You’ve probably heard by now that old cooking oil can be used to power some cars. Many became aware after Discovery Channel’s Mythbusters
powered an old diesel Mercedes with vegetable oil. With a minimal amount of processing and some relatively inexpensive modifications
nearly any diesel engine can be converted to run on "yellow grease." With gas prices climbing to record heights, it’s not just hippies who are embracing this alternative anymore. Recently people have been robbing -- yes, robbing -- restaurants of their leftover cooking oil.
There has always been a market for waste oil, with a few specialized companies turning the leftover sludge from our golden brown french fries into liquid gold. But just as crude oil prices have skyrocketed, so too has the going rate for fryer fat. In 2000 for example, the average price of waste oil in was around $.07 per lb. Today, that number is $.33 per lb. This drastic jump has lead to the emergence of a new breed of pirates
, marking their maps with golden arches rather than "x's" and pillaging their loot from greasy 50 gallon treasure chests. A rash of thefts have been reported from Northern California, to Kansas, and even across the Atlantic in Jolly Old England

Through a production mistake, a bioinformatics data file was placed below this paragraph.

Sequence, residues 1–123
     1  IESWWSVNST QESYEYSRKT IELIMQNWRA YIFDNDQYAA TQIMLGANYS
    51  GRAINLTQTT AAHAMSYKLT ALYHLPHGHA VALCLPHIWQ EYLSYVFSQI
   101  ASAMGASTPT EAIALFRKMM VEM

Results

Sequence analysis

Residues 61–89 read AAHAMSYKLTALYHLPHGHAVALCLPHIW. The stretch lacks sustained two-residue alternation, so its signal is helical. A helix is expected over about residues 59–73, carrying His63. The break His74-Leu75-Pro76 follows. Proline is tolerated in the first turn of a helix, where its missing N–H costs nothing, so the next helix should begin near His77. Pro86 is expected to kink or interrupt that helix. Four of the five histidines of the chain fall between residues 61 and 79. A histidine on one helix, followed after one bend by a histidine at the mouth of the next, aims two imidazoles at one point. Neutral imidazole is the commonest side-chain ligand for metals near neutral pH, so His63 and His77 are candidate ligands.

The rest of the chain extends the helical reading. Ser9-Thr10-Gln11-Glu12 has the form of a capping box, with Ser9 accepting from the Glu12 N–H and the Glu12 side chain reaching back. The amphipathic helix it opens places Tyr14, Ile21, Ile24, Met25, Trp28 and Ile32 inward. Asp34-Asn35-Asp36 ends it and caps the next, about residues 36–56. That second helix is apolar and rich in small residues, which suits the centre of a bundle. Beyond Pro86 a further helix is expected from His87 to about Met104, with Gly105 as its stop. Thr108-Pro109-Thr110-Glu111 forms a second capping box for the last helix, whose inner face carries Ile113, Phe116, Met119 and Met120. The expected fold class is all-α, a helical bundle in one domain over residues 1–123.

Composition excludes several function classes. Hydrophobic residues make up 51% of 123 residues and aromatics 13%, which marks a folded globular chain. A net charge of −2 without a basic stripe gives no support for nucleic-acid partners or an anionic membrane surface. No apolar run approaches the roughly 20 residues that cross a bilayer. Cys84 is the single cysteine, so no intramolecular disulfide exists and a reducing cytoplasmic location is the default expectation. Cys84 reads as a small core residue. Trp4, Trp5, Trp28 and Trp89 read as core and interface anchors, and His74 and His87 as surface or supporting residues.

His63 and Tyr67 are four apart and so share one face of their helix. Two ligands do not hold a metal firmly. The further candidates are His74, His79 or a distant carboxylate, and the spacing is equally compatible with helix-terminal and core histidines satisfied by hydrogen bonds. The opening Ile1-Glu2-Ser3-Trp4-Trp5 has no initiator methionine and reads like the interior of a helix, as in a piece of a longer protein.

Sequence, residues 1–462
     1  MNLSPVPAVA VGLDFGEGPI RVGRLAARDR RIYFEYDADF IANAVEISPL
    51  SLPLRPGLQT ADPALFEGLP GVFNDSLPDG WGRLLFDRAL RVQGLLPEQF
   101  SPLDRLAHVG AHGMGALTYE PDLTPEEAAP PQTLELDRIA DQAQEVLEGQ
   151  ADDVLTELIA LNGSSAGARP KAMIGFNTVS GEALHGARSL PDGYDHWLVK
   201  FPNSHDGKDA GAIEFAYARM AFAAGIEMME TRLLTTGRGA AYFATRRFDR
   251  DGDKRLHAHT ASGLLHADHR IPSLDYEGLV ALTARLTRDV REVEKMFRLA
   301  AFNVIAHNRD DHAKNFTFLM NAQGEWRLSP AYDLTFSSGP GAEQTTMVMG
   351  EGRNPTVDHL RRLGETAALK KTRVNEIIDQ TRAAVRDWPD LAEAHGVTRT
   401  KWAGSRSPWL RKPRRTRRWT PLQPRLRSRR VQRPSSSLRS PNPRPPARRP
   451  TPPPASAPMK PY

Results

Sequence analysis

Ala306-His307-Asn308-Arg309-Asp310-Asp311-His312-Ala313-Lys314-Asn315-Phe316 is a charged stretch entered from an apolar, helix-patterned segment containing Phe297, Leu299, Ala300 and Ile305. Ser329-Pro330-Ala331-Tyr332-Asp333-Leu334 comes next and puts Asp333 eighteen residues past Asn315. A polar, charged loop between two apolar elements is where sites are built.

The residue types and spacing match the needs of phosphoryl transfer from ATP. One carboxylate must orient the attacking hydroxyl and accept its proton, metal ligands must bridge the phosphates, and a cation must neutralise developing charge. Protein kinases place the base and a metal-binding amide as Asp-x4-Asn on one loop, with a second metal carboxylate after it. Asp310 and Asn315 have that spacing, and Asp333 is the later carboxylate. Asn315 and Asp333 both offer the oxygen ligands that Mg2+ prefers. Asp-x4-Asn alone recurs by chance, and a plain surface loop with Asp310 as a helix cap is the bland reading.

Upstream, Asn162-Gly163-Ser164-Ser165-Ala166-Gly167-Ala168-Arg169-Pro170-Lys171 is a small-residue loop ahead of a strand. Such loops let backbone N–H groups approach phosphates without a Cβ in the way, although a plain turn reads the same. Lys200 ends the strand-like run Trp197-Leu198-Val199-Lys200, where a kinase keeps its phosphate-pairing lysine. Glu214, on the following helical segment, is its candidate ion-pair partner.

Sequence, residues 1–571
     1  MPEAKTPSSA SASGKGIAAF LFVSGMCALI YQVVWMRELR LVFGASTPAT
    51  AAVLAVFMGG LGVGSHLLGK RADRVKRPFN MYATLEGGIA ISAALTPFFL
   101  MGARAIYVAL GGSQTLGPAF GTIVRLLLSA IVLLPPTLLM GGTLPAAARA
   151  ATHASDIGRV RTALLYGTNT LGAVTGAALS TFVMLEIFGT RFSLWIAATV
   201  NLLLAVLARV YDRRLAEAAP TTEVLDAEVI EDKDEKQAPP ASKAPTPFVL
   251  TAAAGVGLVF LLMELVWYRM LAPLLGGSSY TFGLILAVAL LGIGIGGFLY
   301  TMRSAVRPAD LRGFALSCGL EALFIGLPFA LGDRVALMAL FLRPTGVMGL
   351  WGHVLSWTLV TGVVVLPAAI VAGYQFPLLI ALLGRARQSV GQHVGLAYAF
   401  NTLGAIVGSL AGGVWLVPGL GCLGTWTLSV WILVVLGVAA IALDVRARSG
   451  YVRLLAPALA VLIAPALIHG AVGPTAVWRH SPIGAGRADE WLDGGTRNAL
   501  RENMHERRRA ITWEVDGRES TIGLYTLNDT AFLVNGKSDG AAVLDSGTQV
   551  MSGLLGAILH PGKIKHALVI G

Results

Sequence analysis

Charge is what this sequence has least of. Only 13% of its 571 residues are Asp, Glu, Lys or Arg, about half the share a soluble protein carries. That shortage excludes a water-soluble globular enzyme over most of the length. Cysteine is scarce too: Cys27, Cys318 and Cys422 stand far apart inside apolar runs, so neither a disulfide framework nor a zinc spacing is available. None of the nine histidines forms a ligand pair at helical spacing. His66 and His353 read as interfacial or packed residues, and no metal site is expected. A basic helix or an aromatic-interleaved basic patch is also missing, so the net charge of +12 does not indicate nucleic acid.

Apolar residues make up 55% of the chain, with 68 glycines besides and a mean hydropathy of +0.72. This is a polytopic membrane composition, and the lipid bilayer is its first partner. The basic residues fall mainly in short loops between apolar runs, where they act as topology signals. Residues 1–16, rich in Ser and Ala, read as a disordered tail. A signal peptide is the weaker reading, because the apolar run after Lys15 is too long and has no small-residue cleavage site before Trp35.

Back when I was working in The Bay Area, my boss had an arrangement with a local Volkswagon car club to sell them our used fryer oil. There were a few members who had made the conversion and swore by it. The only downside, they said “the whole car smells like fried food.” The movement is catching as people across the country, and across the globe as people try to find some relief from astronomical prices at the gas pump.
driving eco-terrorists aren’t the only ones cashing in. Some restaurants are participating in programs where, in exchange for their used oil, they are given an allotment of the refined fuel produced from it. Others are cutting out the middle man
entirely, converting their delivery fleets to run on an endless supply of used fryer oil. Business owners must feel a little like Jed Clampett
, finding a fortune in oil in their backyard. It was only a few years ago many restaurateurs had to pay someone to haul away the smelly by-product of the deep fryer, but today people are literally breaking down their doors (or breaking in) to get at it.
How are you capitalizing on this newest commodity? Has your leftover oil fueled any Toyotas lately?